There's this guy—let's call him Chad—who texts you all the time. He seems like a nice guy, but you're not really sure where you stand with him. Chad often asks you to come over and "hang out," and you talk a lot. You know you're developing a friendship, but it's kind of fuzzy if it's something more.
Is this relationship going anywhere? Is this even a real "relationship"?
It all gets even more uncertain when Chad wants to snuggle next to you—or more—when you're watching a movie together at his place. And the next day he is totally oblivious to anything that happened between you two. Or, you don't hear from him for days or weeks.
It's all so puzzling.
When a guy sends mixed signals—such as treating you like a girlfriend one minute and then treating you like you're "just friends" the next (or ignoring you completely)—it's like a driver who flashes his left turn signal, and then suddenly turns his car to the right. It's confusing—and it can be dangerous.
I call this "The Unknown Zone", the peculiar place between friendship and dating where you don't really know what your relationship is.
It hasn't been defined.
You keep thinking that this thing—whatever it is—will turn into something real and lasting. But it never does. And you feel stuck between "Should I say something to him?" and "Should I just go along with this and see what happens?" You think he likes you, but you’re not sure. You say nothing. He says nothing.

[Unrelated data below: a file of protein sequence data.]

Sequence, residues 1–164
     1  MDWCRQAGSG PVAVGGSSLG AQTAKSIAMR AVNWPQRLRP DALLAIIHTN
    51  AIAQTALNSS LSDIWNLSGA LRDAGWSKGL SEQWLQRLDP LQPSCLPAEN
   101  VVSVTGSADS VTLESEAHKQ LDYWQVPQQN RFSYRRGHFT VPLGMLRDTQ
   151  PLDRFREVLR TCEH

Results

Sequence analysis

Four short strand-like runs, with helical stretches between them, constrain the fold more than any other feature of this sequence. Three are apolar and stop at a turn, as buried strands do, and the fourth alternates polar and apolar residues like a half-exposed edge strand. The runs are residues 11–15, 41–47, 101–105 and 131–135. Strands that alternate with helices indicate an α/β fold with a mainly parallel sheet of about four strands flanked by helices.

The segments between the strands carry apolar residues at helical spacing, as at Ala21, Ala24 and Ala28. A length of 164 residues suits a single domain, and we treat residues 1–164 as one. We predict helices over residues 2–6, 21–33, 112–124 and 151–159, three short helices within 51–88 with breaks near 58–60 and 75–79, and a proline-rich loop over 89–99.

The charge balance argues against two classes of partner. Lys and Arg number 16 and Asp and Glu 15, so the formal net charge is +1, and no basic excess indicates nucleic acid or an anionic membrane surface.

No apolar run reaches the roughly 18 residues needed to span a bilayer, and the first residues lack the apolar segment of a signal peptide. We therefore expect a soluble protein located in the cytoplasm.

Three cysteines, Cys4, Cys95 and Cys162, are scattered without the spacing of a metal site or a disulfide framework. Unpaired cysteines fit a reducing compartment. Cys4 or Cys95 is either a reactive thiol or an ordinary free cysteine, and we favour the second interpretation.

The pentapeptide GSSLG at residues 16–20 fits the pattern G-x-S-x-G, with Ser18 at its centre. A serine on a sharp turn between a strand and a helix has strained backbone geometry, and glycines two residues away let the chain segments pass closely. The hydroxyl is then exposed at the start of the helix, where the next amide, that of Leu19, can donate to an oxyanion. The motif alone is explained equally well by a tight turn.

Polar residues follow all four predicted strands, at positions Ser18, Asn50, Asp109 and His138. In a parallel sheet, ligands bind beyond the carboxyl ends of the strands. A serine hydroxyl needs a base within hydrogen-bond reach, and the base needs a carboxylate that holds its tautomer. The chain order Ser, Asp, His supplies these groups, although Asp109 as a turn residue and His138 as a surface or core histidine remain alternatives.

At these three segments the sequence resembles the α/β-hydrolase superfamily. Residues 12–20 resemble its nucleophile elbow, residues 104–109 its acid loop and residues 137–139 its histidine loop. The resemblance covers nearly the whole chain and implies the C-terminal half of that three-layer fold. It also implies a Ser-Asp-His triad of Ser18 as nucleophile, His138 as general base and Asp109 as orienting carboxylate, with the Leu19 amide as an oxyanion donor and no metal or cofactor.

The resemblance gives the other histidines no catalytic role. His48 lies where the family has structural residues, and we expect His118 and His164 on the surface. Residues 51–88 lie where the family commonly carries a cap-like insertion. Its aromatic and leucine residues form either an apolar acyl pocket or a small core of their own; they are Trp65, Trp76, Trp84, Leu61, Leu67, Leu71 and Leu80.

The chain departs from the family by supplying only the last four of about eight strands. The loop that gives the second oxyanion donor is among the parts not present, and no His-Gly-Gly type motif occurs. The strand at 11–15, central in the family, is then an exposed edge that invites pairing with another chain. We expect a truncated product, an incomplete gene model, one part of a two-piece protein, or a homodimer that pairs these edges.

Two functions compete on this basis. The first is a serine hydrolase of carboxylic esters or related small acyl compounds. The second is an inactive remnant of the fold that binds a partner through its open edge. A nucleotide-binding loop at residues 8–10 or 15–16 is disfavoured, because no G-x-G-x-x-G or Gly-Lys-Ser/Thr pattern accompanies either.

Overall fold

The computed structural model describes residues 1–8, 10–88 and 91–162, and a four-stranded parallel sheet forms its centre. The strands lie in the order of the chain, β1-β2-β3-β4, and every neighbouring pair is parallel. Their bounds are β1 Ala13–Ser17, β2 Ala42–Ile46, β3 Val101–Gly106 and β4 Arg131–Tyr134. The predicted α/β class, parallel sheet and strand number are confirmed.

How do you know where you stand when he doesn't communicate or he's sending you mixed signals?
Michelle McKinney Hammond gets to the heart of the matter in The Unspoken Rules of Love:
"If he does not ask you to have an exclusive relationship with him, assume that you are not in one."
Don't let anyone toy with your emotions and your time. The guy needs to be initiating, taking action, and pursuing you. If not, you are free to enjoy your other options.
"Don't behave as if you are in a committed relationship when you are not. Doing so will only entangle your heart and set you up for disappointment and heartbreak. If he doesn't tell you he wants to be in a committed relationship, consider yourself officially 'just a friend,'" McKinney says.
Bottom line: For whatever reason, if a guy is not pursuing you, then you need to let it go. And when you do, you'll free yourself up for the real thing—genuine and lasting love, not an emotional entanglement.
A pastor I know once said, "The proof of desire is in the pursuit." If a man wants to get to know you, you will know his intentions. You won't have to guess.
Tell yourself this: "I am worth being loved well." And then march forward, trusting God with your love life—and with your whole life.
When the right guy for you comes along, you'll know—-because he will show you and he will tell you.
And that, my friend, is well worth waiting for.